Justice Viswanathan referenced the House of Lords’ decision in Fairchild v. Glenhaven Funeral Services, where the Court held that a claimant could claim total compensation from a defendant who had materially contributed to their asbestos exposure, applying a materially increased risk test instead of the traditional “but for” test. This principle, he suggested, could be applied to climate change litigation.

Justice Viswanathan also discussed the role of the Supreme Court of India in recognizing the right against the adverse effects of climate change. He cited a recent judgment of Ranjit Singh & Ors. vs Union of India, where the Court, through Chief Justice Dr. Chandrachud, stated that:

“We have a right to be free from the adverse effects of climate change within the ambit of Articles 14 and 21 of the Constitution of India, holding the said right to be the other side of the same coin as the right to a clean environment.“

To illustrate the global judicial response to climate change, he referred to various international cases. In the Netherlands, the Supreme Court upheld a decision requiring the Dutch government to reduce greenhouse gas emissions, emphasizing the government’s duty to protect human rights against climate change impacts. In New Zealand, the Supreme Court allowed a Maori leader’s claim against major greenhouse gas emitters to proceed to trial, recognizing the potential liability of companies for climate change damages.

He further referenced a paper presented by Justice A.K. Sikri, former Supreme Court judge, at the 4th Round Table Conference in Durham, which cited the Grantham Report on Climate Change and Environment. The report highlighted the rise in climate change litigation, noting that more than 1,000 climate-related cases were filed in 2015, compared to over 800 cases filed between 1986 and 2014. Using these statistics, Justice Viswanathan underscored how climate change litigation, once deemed largely unsuccessful, is now witnessing a gradual shift in outcomes.

“As per the Grantham Report (referred by Justice Sikri in his paper), in nearly 370 decided cases, outcome favored climate change action in around 58 percent, it was unfavorable for around 32 percent and (there was) no clear impact in 10 percent. Have courts internationally vested any positive obligation on the State enforceable under Paris Agreement etc? Our Courts have already laid the foundation by saying that there is a right to a safe environment away from the adverse effects of climate change,” Justice Viswanathan stated.

Justice Viswanathan stated by citing the Milieu Defense v. Royal Dutch Shell case, where the District Court of The Hague ordered Shell to reduce its carbon dioxide emissions by at least 45% by 2030 relative to 2019 levels, rejecting Shell’s defense that no legal standard required compliance with such emission caps.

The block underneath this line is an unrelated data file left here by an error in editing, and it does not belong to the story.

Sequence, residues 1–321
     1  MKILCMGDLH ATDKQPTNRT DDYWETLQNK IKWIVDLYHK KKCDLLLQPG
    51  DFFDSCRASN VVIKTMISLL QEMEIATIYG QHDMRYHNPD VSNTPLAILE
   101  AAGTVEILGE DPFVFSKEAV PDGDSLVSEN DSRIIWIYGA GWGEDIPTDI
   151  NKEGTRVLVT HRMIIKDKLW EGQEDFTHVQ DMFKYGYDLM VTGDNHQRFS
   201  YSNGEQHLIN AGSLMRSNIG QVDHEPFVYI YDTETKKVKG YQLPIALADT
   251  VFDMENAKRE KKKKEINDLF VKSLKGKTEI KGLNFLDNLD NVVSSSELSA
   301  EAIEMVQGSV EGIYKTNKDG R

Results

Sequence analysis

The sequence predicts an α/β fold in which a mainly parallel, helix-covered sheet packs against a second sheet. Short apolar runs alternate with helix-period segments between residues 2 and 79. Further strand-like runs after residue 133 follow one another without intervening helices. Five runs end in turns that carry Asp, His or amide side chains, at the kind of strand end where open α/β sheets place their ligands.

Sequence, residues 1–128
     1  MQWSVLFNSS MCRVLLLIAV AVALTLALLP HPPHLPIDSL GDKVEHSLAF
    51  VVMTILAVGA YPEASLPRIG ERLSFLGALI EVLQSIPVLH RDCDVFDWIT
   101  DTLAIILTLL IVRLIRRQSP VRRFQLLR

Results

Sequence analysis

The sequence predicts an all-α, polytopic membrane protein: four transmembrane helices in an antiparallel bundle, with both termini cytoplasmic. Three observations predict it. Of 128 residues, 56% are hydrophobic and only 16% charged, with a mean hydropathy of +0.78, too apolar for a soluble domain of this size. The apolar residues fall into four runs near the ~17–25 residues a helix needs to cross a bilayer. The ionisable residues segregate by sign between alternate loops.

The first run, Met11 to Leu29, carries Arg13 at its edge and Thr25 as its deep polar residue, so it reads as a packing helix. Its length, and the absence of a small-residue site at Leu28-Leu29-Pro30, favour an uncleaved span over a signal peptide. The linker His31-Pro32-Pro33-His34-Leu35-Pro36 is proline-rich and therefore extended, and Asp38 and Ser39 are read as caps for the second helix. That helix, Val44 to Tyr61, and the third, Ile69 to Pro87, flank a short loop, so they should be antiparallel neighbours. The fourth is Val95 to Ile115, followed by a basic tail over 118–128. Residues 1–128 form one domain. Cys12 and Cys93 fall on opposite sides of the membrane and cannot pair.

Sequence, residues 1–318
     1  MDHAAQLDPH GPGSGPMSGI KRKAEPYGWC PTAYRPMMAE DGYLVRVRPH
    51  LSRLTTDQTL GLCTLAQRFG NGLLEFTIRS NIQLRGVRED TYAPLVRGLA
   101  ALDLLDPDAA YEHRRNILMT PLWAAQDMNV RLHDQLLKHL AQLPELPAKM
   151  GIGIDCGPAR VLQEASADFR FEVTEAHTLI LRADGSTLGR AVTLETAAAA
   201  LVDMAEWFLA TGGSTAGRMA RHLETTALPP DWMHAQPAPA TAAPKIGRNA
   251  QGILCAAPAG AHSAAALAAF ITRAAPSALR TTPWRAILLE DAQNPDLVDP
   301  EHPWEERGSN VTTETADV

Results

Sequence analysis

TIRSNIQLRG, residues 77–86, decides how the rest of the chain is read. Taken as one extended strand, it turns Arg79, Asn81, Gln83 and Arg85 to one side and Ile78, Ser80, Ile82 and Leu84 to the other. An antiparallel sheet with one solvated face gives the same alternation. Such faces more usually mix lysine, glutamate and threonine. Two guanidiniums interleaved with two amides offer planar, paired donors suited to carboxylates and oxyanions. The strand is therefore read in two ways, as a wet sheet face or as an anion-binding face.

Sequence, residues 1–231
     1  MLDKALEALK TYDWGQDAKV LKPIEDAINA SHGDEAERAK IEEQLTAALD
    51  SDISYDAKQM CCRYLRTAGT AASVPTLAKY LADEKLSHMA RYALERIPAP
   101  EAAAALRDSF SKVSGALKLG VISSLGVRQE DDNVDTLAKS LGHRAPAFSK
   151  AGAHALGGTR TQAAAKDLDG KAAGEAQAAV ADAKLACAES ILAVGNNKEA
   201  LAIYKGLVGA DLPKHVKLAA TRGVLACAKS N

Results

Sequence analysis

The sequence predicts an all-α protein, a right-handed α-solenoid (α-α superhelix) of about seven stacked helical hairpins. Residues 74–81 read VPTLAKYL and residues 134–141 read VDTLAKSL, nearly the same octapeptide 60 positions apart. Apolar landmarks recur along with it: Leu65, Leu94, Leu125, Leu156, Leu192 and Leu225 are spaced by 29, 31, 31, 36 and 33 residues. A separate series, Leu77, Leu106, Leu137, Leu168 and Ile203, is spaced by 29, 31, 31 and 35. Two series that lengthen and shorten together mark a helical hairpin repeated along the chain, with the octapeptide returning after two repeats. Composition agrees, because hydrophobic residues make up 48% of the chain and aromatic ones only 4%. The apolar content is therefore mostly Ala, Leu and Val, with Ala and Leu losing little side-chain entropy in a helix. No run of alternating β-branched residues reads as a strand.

Justice Viswanathan concluded by highlighting the need for collective action at the legislative, policy, and legal levels to address climate change effectively. He stressed the importance of developing new tools and formulas to mitigate adverse effects and ensure a sustainable future.

“Climate change and its adverse effects have to be collectively addressed. It has to be addressed at the legislative level, at the policy level, at the environmental level, and at our level, the legal fraternity, because we need to fashion new tools,” he said.

In his closing remarks, Justice Viswanathan underscored the urgency of the climate crisis and the crucial role of the legal framework in mitigating its impacts.

“That is why this topic is as significant as the topic you debated this morning: both are essential for our existence. That is why they say the damages due to climate change or the adverse effects pose an existential threat,” he stated.

Justice Viswanathan also highlighted the importance of being prepared for future challenges in the legal field. He also urged law students to focus on environmental law, highlighting the critical need for specialists in this field. “You pursue your interest in this so that when the need arises, we are not left wanting with the weapons for the battle,” he advised law students, underscoring the necessity of equipping oneself with the knowledge and tools required for effective legal practice.

Justice K.V. Viswanathan’s speech serves as a clarion call for continuous learning and proactive engagement with emerging legal challenges, ensuring that the legal community remains well-prepared and well-informed.

The Entire Session can be viewed at:


SCC – EBC group were the knowledge partners of the event, with Bar and Bench as the media partners.

Must Watch

maintenance to second wife

bail in false pretext of marriage

right to procreate of convict

Criminology, Penology and Victimology book release

Join the discussion

Leave a Reply

Your email address will not be published. Required fields are marked *

This site uses Akismet to reduce spam. Learn how your comment data is processed.